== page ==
GCC students get tune up at UMass
AMHERST — While University of Massachusetts students are out for summer break, musicians from across the country gathered to sing, strum and play all things jazz.
Among the participants this year were Greenfield Community College students Daniel Babineau of Athol and David Shattuck of Heath. Both were chosen for a full scholarship for the summer jazz program. The program began on July 12 and ended on July 23.
The two music majors were awarded $1,200 scholarships from the GCC Music Department.
According to the event website, “Jazz in July is an extensive twoweek program focused on joining participants with jazz artists in a learning intensive environment. Jazz in July is centered on teaching improvisation and jazz styles while working to enrich the total musical experience of the participant.”
The two weeks of workshops amounted to “all-day, in-your-face jazz,” with each morning beginning and ending with jazz, said Babineau. “I wasn’t used to being so absorbed in music, playing for hours on end.”
“We played in 10-piece combo groups, learned music theory and the history of jazz, and got to see free shows at night,” said Shattuck smiling. “It was great.”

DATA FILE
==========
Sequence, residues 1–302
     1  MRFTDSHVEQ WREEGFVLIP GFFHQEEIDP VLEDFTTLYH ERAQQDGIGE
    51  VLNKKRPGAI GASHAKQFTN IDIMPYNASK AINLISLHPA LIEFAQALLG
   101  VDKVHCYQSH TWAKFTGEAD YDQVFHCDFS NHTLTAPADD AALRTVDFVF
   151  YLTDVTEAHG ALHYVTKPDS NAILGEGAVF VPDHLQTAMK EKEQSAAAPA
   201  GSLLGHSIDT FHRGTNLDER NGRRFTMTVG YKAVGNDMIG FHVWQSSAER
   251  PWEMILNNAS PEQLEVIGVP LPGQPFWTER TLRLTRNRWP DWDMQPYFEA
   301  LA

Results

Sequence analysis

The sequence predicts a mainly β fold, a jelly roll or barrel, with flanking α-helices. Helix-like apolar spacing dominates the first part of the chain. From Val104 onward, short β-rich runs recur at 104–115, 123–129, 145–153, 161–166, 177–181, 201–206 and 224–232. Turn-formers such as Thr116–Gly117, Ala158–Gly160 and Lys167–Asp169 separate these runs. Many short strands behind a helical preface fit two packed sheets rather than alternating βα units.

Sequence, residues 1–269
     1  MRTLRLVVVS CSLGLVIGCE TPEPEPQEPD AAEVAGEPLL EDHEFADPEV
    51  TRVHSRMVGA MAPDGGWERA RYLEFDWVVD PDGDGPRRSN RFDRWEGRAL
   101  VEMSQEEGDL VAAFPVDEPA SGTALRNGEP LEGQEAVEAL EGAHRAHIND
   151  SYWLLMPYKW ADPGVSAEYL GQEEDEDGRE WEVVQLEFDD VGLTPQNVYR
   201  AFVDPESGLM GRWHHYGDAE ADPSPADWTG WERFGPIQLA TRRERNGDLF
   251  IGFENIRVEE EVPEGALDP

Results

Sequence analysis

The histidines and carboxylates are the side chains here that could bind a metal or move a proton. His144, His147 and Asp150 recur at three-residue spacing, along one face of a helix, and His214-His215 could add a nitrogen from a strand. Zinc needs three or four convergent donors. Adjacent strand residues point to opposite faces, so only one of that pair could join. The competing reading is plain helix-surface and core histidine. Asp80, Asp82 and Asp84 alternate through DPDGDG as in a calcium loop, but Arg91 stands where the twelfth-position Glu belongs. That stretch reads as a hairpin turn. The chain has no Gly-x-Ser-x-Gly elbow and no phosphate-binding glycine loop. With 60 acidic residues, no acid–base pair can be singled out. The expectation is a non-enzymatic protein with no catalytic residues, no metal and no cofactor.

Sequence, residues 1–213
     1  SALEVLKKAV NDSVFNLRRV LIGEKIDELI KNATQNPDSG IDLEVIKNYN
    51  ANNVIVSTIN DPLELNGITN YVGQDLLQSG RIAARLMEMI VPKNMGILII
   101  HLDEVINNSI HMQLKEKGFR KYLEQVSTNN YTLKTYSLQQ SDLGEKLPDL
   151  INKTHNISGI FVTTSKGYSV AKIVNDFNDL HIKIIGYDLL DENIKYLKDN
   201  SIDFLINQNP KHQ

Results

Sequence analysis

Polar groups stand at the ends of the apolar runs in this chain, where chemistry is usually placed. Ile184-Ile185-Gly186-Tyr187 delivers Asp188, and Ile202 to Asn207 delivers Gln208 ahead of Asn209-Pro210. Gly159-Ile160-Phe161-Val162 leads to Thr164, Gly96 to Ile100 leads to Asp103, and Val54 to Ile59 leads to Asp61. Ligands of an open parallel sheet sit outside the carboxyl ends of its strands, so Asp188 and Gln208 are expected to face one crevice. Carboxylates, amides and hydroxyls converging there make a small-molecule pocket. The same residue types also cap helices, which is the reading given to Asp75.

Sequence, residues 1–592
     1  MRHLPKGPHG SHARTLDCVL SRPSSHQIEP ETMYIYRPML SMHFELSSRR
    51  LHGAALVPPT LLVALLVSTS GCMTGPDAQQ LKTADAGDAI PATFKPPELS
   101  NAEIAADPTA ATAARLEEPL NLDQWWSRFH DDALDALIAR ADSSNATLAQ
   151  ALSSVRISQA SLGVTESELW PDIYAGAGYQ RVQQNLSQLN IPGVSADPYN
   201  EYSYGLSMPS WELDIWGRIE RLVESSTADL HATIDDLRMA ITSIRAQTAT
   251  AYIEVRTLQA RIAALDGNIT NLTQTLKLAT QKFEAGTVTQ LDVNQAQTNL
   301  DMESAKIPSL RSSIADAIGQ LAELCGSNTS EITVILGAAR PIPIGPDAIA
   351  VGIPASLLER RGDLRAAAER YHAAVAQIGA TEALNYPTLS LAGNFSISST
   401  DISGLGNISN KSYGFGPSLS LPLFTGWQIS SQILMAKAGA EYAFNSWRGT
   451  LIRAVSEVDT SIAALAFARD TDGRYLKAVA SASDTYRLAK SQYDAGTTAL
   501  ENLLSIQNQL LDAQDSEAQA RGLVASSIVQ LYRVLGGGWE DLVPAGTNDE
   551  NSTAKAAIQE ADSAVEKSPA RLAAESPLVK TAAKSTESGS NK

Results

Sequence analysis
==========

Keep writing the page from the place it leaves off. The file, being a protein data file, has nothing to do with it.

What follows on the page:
The 21-year-old Shattuck’s interest in jazz sparked after learning the relationship between music genres. “It relates to all other genres I love, and truly is the core of American music.” After realizing his love of the drums, the former English major switched his academic focus.
After completing his studies in plant, soil, and insect sciences at UMass-Amherst, Babineau decided his interests lay more in music than dirt. Majoring in music at GCC, Babineau’s focus is the piano. While he has played for five years, Babineau said two semesters in the music department accelerated his learning rate greatly. “Within a year of taking classes, I learned so much, packing more in than I had even hoped.”
The summer music program was not only informative, it also placed teaching in a different light. “Teachers would perform after class, demonstrating the skills they were teaching,” said Shattuck.
While both musicians are unsure of their future goals, they want to continue with music. “I want to make this as a career. Whether that means teaching or playing,” said Babineau.
“As long as I’m playing music, I’ll be happy,” Shattuck said laughing.